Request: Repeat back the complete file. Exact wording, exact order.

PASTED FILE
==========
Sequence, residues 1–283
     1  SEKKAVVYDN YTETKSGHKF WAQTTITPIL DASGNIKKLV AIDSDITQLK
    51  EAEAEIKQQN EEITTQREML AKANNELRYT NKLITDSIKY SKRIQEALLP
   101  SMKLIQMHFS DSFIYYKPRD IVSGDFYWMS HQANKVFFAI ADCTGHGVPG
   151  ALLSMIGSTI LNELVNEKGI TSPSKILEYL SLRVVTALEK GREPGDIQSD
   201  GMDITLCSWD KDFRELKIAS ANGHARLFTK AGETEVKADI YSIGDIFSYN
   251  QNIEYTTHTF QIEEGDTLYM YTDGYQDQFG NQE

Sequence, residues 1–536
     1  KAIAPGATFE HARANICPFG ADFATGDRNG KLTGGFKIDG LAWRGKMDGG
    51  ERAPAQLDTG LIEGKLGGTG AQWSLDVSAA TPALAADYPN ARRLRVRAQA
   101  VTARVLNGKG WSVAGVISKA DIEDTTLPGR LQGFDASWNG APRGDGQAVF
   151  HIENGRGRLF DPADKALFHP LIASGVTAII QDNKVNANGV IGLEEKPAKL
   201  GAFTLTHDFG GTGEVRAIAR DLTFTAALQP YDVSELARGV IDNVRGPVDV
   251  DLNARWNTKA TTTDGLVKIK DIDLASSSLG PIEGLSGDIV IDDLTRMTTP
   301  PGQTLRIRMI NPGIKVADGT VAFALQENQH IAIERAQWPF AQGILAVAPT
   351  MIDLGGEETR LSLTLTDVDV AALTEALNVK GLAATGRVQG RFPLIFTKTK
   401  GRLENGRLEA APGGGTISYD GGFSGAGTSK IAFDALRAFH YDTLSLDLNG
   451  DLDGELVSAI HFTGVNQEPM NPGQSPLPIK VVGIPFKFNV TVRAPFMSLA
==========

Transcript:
Sequence, residues 1–283
     1  SEKKAVVYDN YTETKSGHKF WAQTTITPIL DASGNIKKLV AIDSDITQLK
    51  EAEAEIKQQN EEITTQREML AKANNELRYT NKLITDSIKY SKRIQEALLP
   101  SMKLIQMHFS DSFIYYKPRD IVSGDFYWMS HQANKVFFAI ADCTGHGVPG
   151  ALLSMIGSTI LNELVNEKGI TSPSKILEYL SLRVVTALEK GREPGDIQSD
   201  GMDITLCSWD KDFRELKIAS ANGHARLFTK AGETEVKADI YSIGDIFSYN
   251  QNIEYTTHTF QIEEGDTLYM YTDGYQDQFG NQE

Sequence, residues 1–536
     1  KAIAPGATFE HARANICPFG ADFATGDRNG KLTGGFKIDG LAWRGKMDGG
    51  ERAPAQLDTG LIEGKLGGTG AQWSLDVSAA TPALAADYPN ARRLRVRAQA
   101  VTARVLNGKG WSVAGVISKA DIEDTTLPGR LQGFDASWNG APRGDGQAVF
   151  HIENGRGRLF DPADKALFHP LIASGVTAII QDNKVNANGV IGLEEKPAKL
   201  GAFTLTHDFG GTGEVRAIAR DLTFTAALQP YDVSELARGV IDNVRGPVDV
   251  DLNARWNTKA TTTDGLVKIK DIDLASSSLG PIEGLSGDIV IDDLTRMTTP
   301  PGQTLRIRMI NPGIKVADGT VAFALQENQH IAIERAQWPF AQGILAVAPT
   351  MIDLGGEETR LSLTLTDVDV AALTEALNVK GLAATGRVQG RFPLIFTKTK
   401  GRLENGRLEA APGGGTISYD GGFSGAGTSK IAFDALRAFH YDTLSLDLNG
   451  DLDGELVSAI HFTGVNQEPM NPGQSPLPIK VVGIPFKFNV TVRAPFMSLA